So uHaul advertises their trucks in terms of length. You have everything from a 10′ cargo truck to a 26′ cargo truck. What is not immediately apparent, however, is that the length measurement is actually the length of the cargo space, not the entire truck. So when we arrived at the ferry, the kind attendant measured our truck to determine our ferry cost, and measured it at 33′. Not 26′, 33′. Yikes. So instead of an expected ~ $120 cost for the ferry, we were suddenly looking at a $225 bill – and we needed to bring the truck back the other way as well.
Now, BC Ferries also has a policy where vehicles that are registered as more than 5500kg area are automatically classified as “commercial” trucks. Therefore they pay a commercial rate, which is part of the reason why our ferry cost was so much more than expected. Little did we know that taking a “slightly” larger truck would result in so much extra cost! uHaul wasn’t really doing us a favour by offering us a larger truck, but seeing as taking a smaller one wasn’t an option, we were suddenly looking at much higher moving costs.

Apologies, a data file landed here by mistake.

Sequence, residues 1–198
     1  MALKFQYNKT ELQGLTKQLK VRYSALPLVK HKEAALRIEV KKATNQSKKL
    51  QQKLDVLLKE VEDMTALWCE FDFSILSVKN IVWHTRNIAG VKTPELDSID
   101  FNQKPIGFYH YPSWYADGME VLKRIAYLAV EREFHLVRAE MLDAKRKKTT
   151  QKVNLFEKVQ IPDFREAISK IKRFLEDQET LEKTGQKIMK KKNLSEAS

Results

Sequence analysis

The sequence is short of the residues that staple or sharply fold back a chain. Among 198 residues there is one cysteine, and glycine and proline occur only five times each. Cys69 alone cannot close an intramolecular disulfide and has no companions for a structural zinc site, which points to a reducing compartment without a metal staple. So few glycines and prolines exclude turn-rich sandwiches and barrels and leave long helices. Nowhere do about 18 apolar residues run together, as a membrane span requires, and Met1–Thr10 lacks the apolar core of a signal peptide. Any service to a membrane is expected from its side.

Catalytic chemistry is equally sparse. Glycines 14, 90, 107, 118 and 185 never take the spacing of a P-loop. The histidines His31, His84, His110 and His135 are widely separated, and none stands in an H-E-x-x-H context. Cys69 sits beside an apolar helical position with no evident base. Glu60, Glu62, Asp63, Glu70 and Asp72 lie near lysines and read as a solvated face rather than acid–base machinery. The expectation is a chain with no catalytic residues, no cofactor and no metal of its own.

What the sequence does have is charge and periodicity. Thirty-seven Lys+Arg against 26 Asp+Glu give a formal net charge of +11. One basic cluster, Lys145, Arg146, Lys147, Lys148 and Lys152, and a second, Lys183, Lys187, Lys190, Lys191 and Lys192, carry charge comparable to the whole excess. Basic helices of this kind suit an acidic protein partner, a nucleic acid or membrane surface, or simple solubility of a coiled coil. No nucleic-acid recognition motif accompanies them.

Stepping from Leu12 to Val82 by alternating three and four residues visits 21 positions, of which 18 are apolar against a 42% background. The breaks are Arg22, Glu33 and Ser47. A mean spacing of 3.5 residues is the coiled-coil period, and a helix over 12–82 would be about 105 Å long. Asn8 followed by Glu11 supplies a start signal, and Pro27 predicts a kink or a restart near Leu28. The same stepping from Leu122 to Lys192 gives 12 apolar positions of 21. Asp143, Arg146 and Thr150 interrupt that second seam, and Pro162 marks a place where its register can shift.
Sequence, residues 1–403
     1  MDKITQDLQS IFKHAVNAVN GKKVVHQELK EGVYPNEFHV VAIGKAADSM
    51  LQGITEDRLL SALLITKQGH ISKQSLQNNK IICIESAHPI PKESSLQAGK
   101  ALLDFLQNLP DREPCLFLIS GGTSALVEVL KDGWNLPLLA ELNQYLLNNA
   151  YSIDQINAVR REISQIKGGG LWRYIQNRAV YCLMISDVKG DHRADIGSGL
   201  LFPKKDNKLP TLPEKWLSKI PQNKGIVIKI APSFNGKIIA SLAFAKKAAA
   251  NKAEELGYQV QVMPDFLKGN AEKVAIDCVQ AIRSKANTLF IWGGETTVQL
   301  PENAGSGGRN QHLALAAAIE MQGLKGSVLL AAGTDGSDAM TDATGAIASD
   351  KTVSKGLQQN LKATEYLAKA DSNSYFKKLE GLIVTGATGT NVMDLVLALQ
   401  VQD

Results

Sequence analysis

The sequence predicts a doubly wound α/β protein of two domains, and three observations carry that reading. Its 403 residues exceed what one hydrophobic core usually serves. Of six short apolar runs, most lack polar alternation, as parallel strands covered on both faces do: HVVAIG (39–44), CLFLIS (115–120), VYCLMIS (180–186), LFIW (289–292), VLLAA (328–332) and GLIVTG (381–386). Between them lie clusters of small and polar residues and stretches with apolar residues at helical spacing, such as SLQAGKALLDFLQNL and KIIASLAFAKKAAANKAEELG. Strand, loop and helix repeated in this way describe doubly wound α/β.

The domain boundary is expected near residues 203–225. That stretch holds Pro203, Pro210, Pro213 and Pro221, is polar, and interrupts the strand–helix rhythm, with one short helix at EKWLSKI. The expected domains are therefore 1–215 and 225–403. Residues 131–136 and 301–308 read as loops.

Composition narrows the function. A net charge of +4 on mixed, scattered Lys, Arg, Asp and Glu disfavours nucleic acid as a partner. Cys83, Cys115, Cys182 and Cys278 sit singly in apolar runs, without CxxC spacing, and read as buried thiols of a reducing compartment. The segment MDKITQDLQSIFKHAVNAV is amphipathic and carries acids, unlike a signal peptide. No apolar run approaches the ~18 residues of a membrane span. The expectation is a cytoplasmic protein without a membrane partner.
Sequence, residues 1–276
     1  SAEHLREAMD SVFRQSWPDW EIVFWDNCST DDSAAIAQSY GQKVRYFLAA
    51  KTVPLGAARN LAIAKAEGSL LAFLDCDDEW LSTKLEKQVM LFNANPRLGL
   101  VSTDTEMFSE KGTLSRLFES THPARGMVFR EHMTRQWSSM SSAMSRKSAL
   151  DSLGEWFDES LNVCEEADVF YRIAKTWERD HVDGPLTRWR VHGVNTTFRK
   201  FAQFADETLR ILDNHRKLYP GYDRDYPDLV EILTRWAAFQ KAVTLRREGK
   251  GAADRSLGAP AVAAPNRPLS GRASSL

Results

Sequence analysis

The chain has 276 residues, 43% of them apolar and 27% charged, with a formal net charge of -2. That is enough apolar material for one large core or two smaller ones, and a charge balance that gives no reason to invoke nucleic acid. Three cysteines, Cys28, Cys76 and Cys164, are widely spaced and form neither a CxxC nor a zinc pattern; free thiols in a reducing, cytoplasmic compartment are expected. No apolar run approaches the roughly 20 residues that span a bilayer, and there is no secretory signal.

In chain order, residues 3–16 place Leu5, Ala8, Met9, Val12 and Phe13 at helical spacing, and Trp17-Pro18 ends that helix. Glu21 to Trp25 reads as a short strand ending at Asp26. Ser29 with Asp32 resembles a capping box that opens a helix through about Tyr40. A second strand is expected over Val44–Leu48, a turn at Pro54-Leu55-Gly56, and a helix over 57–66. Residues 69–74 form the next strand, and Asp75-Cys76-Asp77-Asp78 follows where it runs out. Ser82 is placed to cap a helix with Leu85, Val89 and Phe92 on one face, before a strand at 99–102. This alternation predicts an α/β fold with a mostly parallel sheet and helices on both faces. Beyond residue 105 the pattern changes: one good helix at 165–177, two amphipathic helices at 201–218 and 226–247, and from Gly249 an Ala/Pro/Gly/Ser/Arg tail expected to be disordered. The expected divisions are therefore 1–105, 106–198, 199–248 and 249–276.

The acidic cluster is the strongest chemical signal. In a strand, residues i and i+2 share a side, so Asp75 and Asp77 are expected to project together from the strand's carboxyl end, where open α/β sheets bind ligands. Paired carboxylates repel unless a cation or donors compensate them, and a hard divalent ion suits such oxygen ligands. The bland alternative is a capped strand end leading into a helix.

On the return trip, however, we were only charged as an oversized vehicle, meaning that our cost was closer to $160. So I phoned uHaul to see if our truck was, in fact, over the 5500kg limit. I was told that the empty weight of the 26′ truck was 11,570lbs, which is slightly less than the 5500kg cutoff. A few phone calls to BC Ferries later, and now I am waiting for a phone call from their Revenue Department to see if we can get part of the Commercial rate refunded to us, as we were misclassified and therefore charged an inappropriate amount.